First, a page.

Public charters and public non-charters need to communicate better to create better student outcomes in all public schools in the county, according to a San Mateo County Grand Jury report released Monday.
The 2013-14 San Mateo County Civil Grand Jury report entitled “Educational Frenemies: Can Charter Schools Inspire Better Student Outcomes in Public Schools in San Mateo?” investigated the of sharing of best teaching practices between public charter and public non-charter schools in the county and how such sharing is currently hindered.
The grand jury’s report showed, through research and interviews, that charter schools in the county are generally not sharing information — such as teaching methodologies designed to promote better student outcomes — with traditional public schools. No formal avenue exists to foster sharing and the failure of charter schools to fulfill the legislative intent of the laws authorizing their existence may be moot, because in this county the organizational freedoms allowed by charter status do not seem to be a significant determinative factor in creating more successful students, the report said.
Contention between administrators and teachers at charter and traditional public schools, as well as between school administrators and teachers’ unions, stand in the way of constructive collaboration beneficial to students in this county. Studies across the country have cited underlying tensions between charter and non-charter schools, according to the report.
“These adversarial feelings were regularly confirmed by leaders of both charter and non-charter schools in this county, as well as by others familiar with the relationships,” the report stated. “The grand jury found that leaders of charter and non-charter schools expressed both their own eagerness to open communication with the other ‘side,’ while at the same time acknowledging a co-existing feeling that some emotional component — often blamed on the other party — prevented that communication from occurring. Some tensions between the two sectors appear to be based on a fear by traditional public schools that charter schools are ‘stealing’ students.”
One district leader quoted in the report stated, it “takes a lot of work. … and it’s all on top of what is already a full-time job” to work on communications between charters and non-charters.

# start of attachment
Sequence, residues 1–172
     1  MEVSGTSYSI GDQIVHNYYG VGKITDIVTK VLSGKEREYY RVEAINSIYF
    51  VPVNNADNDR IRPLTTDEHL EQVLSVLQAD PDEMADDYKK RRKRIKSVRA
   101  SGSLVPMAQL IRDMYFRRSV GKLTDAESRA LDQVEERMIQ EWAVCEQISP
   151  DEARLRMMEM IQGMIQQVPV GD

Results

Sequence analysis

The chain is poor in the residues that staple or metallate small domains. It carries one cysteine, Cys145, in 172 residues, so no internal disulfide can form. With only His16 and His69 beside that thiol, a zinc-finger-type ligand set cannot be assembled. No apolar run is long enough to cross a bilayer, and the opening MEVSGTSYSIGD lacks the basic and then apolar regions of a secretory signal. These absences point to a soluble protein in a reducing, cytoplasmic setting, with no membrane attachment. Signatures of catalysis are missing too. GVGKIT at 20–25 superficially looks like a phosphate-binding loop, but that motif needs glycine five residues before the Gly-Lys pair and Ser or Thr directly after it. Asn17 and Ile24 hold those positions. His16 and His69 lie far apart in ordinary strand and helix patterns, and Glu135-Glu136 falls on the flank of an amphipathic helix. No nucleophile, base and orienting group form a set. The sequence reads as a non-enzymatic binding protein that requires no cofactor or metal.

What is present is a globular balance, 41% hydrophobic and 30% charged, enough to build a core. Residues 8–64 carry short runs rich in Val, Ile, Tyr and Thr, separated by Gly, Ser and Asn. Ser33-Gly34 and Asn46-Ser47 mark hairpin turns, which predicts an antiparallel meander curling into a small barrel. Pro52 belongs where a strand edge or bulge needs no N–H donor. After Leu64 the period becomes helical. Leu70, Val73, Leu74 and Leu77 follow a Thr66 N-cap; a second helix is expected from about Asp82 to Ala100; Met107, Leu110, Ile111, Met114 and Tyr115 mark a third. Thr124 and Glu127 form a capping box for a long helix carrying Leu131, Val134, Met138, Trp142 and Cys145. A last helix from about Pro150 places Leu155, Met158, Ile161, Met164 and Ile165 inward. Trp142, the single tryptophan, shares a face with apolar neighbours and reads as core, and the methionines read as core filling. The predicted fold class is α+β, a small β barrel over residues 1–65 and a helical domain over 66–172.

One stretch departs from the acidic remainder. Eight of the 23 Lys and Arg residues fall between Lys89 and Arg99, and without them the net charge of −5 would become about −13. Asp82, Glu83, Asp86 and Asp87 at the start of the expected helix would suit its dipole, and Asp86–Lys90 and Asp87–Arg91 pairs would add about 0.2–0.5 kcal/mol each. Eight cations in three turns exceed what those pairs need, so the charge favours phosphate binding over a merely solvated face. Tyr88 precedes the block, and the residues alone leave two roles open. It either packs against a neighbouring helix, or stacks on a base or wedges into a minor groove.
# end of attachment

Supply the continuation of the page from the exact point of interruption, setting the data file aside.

County Superintendent Anne Campbell said she agrees with the assessment that there could be improvements in sharing information and that the county Office of Education is “the logical entity” to facilitate that sharing.
“Although the county Office of Education promotes its professional development offerings to educators countywide both charter and non-charter, we can always do more to explicitly connect our local school leaders with their peers, Campbell said in a statement. “We want to support sharing of best practices at every level of our educational system.”
The Sequoia Union High School District has two charter schools and there is excellent communication about practices with its charter schools, said Trustee Carrie Du Bois.
“Our entire board is committed to the success of all of our charters,” she wrote in an email. “I also believe that innovation and best practices can be found at both charter and traditional schools throughout San Mateo County. As a participant in the San Mateo County Kent Awards for the past nine years, I have seen amazing programs and outstanding teaching at traditional public schools.”
She noted the Kent Awards are the most powerful way to share best practices.
“I have also observed both high-quality and low-performing charter schools,” she wrote. “One of my favorite quotes is from the educational journalist John Merrow, ‘Never forget that the name charter on a schoolhouse door reveals no more about a school’s quality than the word restaurant tells you about the food. There is no substitute for transparency, high standards and direct observation.’”
The study also found that longer teaching cycles — whether in the form of longer school days or longer school years — are likely to benefit students. Longer teaching cycles have been repeatedly cited as contributing to better student outcomes in research studies, by local education officials, and even by union representatives, according to the report.
“In conclusion, the grand jury found many hurdles to the efficient flow of information between charter and non-charter schools in the county,” the report states.
The grand jury has four recommendations to county school districts due by Dec. 31. The first is that each district needs to develop a plan to determine the viability of extending the school day. Each must develop a plan to determine the viability of extending the school year. Each must also develop, at a district level, detailed mission statements, which include quantifiable goals designed to produce better student outcomes. Mission statements will be posted on a publicly accessible website.
The full report is available at sanmateocourt.org/grandjury.
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